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Five Star responds to ABC Committee after Gen-6 Super Late Model body rejection

The CEO of Five Star Bodies responded to the ABC Committee in a point-by-point bulletin on Thursday evening.

As if responding point-by-point to the ABC Committee, Five Star Body CEO Carl Schultz released an open letter of his own on Thursday afternoon after the group of influential regional short track promoters once again refused to approve the Gen-6 Super Late Model body released on Wednesday.

The current members of the ABC Committee are made up of the CRA Super Series, Midwest Tour, Big 8 Late Model Series, CARS Tour, Northwest Super Late Model Series, the Race of Champions, Southern Super Series and SRL Southwest Tour — a considerable collection of promoters from all corners of the continent.

The two parties have been involved in a back-and-forth for over four years regarding the approval of the next-generation body style for Super Late Models to replace the ones that have been in use since the 2004 season.

Five Star stated an intent to release this body since 2014 but the ABC Committee said it would only do so if the body was wanted by a majority of teams, had equal downforce numbers to the current body and featured a price lock to keep the bodies near the same price as those currently on the market.

It’s also worth noting that AR Bodies has opted to not make their own Gen-6 body at current time, risking Five Star becoming the sole body supplier for Super Late Model teams across the country.

Thus, both the ABC Committee and Five Star have gone back and forth over the past half-decade. It came to a head on Wednesday when Five-Star finally made the body available for purchase and the ABC once again rejected it at current time with a short letter stating that its goals were not met.

In his letter to the short track industry, Schultz addressed each point the Committee has made over the years. That letter can be read in its entirety below.

Dear Members of the Late Model Racing Community,

Five Star has taken the initiative to invest in the future of late model racing and released the 2019 Late Model body. As a founding member of the ABC Committee, we believe this new body will benefit all stakeholders in the industry, just as the 2004 body achieved. As such, we would like to address a few concerns around pricing, aerodynamics, and participation from other manufacturers:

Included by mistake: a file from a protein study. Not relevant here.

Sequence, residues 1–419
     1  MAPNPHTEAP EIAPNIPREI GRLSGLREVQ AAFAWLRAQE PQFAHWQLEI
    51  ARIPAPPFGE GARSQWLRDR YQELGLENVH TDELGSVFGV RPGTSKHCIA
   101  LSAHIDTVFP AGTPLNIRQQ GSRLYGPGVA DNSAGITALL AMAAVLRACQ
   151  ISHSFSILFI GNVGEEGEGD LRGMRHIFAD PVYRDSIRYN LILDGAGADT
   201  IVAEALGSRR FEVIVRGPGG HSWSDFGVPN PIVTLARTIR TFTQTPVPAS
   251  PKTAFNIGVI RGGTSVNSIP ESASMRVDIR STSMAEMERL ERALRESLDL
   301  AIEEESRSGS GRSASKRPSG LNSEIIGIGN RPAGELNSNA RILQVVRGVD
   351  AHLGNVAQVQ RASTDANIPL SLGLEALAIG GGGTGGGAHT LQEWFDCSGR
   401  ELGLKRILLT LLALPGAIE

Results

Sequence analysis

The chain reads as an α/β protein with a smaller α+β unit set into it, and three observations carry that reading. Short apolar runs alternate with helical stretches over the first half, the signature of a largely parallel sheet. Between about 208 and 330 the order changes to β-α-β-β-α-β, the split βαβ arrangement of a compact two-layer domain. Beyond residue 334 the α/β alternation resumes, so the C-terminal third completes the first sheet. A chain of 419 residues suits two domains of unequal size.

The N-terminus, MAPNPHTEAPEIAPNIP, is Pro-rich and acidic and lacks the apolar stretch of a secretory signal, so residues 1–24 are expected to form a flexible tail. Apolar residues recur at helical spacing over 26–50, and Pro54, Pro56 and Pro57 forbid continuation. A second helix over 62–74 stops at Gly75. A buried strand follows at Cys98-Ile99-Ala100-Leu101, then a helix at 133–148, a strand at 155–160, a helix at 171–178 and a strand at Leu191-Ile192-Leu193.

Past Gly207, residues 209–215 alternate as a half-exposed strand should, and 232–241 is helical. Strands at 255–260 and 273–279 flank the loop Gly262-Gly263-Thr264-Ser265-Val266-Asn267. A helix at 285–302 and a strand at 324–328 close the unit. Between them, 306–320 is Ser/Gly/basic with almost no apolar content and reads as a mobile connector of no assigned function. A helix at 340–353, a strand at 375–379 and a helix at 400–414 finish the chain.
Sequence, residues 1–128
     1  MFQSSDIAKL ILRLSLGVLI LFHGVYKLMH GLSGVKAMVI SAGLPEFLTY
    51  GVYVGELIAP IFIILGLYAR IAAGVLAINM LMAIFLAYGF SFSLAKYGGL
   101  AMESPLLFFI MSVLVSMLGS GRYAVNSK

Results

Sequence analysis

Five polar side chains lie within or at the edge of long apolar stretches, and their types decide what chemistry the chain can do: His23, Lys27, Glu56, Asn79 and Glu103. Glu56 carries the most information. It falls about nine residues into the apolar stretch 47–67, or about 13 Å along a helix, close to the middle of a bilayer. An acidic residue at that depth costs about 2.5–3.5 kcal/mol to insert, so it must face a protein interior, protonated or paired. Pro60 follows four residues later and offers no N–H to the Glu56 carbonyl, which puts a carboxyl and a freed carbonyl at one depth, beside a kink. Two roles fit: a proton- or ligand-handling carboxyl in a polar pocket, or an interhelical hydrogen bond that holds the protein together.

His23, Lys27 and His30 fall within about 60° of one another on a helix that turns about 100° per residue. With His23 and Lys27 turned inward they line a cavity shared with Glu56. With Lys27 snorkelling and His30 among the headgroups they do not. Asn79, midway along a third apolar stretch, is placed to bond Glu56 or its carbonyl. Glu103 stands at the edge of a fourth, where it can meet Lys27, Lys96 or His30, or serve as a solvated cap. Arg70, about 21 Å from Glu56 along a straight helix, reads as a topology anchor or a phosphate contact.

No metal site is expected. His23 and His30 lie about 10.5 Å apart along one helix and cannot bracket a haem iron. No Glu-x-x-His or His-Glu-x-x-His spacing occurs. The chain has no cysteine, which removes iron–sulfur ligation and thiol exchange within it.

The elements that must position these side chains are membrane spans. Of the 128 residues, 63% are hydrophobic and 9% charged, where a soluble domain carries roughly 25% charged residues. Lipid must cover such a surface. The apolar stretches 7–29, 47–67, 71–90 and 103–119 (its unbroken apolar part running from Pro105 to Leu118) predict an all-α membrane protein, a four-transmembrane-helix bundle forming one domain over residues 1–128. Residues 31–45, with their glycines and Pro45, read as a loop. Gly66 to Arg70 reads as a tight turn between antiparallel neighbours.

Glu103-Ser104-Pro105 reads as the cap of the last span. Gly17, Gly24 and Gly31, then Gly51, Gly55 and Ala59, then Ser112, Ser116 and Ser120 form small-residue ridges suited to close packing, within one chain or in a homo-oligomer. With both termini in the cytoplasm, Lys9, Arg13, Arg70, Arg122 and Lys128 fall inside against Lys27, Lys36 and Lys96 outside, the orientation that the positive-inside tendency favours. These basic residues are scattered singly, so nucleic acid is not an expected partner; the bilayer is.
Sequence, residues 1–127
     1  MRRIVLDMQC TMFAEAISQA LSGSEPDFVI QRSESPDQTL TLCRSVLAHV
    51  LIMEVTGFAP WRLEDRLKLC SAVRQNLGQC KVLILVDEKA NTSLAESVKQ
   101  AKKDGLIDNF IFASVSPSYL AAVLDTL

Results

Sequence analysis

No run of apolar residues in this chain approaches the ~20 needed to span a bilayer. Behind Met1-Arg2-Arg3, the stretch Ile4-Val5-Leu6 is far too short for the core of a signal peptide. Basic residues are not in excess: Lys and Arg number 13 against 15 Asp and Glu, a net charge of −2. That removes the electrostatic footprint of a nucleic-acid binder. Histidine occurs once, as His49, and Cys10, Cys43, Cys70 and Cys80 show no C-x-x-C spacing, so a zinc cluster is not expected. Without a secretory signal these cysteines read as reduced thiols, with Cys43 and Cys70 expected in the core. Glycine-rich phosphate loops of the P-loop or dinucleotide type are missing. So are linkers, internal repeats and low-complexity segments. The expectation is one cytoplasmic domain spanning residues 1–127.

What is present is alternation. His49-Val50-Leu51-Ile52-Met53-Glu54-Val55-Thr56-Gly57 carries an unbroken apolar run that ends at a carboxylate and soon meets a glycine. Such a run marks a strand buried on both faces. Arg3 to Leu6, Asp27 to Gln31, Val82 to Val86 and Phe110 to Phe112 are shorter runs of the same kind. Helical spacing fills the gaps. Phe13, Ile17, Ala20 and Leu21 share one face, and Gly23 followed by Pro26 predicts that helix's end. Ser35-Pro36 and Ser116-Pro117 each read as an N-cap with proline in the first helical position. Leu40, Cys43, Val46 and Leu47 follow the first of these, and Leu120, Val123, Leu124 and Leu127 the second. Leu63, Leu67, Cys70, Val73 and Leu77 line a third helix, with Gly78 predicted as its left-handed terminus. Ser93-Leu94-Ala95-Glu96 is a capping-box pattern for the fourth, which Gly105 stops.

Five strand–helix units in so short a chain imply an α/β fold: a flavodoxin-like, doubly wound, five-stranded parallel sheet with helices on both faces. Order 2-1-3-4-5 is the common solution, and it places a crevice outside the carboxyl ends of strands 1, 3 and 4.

• New body is the same price as the current body.
• A 3% price cap has been established – only to cover annual material cost surges if needed.
• Five Star serves as a sole supplier for several other top racing series across the country, and we have a strong track record of never taking advantage of a sole supplier scenario. Our quality, service, and pricing has never faltered.

• We have proven to the ABC Committee, and they agreed, that the aerodynamics between the current 2004 body design and the new body are equal. This is the quote from their July 18, 2018 letter; “after discussing the test with those from our committee that were present (at the June 21st, 2018 wind tunnel test), we are comfortable with the performance of the new body in comparison to the existing ABC Body”.
• Racers are not obligated to buy this new body to remain competitive.
• The new & old body are designed to run competitively side by side.
• Wind tunnel data from four complete rounds of wind tunnel testing is available to any appropriate party.

• Five Star invested several hundred thousand dollars in designing this body with much collaboration with industry experts. We have done all we could to encourage AR Bodies to participate.
• Five Star has very generously offered Master Patterns to AR Bodies at no cost to manufacture their tooling/molds. AR Bodies has declined this offer.
• There is still a clear path into the program for AR Bodies to manufacture/supply this new body going forward.
As stated in our advertising, everything that has been done in the design and testing of the new Late Model body has been done with the full intent of the ABC Program in mind. We look forward to full ABC approval and adoption of the new 2019 Late Model Body.

We thank the growing list of tracks and promoters who are allowing the 2019 body to run.

Best regards,
Carl Schultz

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Matt Weaver is the owner and founder of Short Track Scene. Weaver grew up in the sport, having raced himself before becoming a reporter in college at the University of South Alabama. He is also the associate motorsports editor of Autoweek Magazine and its website, which allows him to cover the highest levels of the sport.



  1. Terry schoppenhorst

    November 1, 2018 at 9:39 pm

    All of these high priced body’s gotta go there’s a reason nobody is racing supers any more to expensive go to dirt style bodies 1 / 10th the price

  2. Jack curren

    November 2, 2018 at 3:24 am

    I agree. The bodies are too pricey. Wrecking a super or a pro late model is Very expensive. Most tracks require abc bodies. I know several teams that refuse to replace a nice older body just to meet abc rules. Those guys will stay home instead of going to the track

  3. Jim

    November 2, 2018 at 10:20 am

    5 Star Bodies sold late model bodies for ~$699, in the 1980s.
    Inflation is just ridiculous. Damn these corporations.

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